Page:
iVDTv2: Directed Evolution with High-throughputCopyright: BMBF
In established methods in Directed Evolution, it is necessary to generate, cultivate and screen several thousands of mutants, in order to obtain an enzyme with one to two amino acid substitutions. Hereby, 60 – 80 Prozent of the amino acid substitutions, which improve the enzyme properties, cannot be identified. In the iVDTV2 project a method for directed evolution is developed, which enables the generation and screening of millions of mutants in relatively short time.
Established protocols are based on bacteria cultures. Random mutations are introduced into the DNA encoding the information for the enzyme of interest. Subsequently, the bacteria reads the DNA and produces the enzyme (gene expression). Afterwards, the enzyme is tested in a reaction, in which a fluorescent product is produced.
Every mutant is expressed in a separate bacteria culture, in order to test and possibly use them separately. This means that thousands of bacterial cultures have to be cultivated, the enzymes of interest have to be purified in order to perform thousands of test reactions.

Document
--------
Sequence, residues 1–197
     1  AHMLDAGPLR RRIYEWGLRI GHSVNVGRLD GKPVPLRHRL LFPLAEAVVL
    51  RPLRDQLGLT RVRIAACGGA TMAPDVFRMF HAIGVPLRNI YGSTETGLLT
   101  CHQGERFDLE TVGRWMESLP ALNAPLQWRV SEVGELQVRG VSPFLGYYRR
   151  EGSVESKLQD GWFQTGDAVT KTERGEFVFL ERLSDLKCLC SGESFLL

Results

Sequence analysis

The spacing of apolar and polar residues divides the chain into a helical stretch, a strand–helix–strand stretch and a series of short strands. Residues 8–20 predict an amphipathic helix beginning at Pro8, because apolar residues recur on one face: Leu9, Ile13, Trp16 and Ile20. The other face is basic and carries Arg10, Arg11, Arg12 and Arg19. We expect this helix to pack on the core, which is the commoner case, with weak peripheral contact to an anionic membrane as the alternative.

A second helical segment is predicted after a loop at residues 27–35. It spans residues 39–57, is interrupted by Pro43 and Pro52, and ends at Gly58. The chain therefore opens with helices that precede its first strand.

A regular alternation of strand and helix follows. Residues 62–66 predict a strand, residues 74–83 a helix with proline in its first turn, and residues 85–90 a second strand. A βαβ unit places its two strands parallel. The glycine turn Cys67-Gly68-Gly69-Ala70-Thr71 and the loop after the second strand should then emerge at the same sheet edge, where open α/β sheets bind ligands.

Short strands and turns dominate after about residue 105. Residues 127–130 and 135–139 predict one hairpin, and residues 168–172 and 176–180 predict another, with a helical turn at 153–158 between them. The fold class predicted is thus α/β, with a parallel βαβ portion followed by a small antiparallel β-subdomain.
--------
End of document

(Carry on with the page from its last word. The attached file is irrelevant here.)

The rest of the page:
The biggest limiting factor is the transformation efficiency, because not every gene can be taken up and expressed.
Within the iVDTv2 project, 107 mutants are being expressed and tested within one hour and within one tube. The required spatial separation is achieved by emulsification of the reaction mixture in an oil phase, aqueous droplets are formed that constitute separated reaction compartments and can be broken-up by the addition of detergent when required. The emulsified reaction mixture contains the mutated DNA, all components needed for cell-free protein synthesis and a fluorogenic substrate as an indicator for the enzymatic activity to be monitored. The DNA is added in such a high dilution that an individual droplet statistically only contains one gene and thus one mutant. Within the droplet coupled transcription-translation and indicator substrate cleavage occur in parallel. Droplets with active and improved variants are sorted and enriched by flow cytometry and finally worked-up. The contained DNA is amplified by PCR and is thus available for a new round of evolution.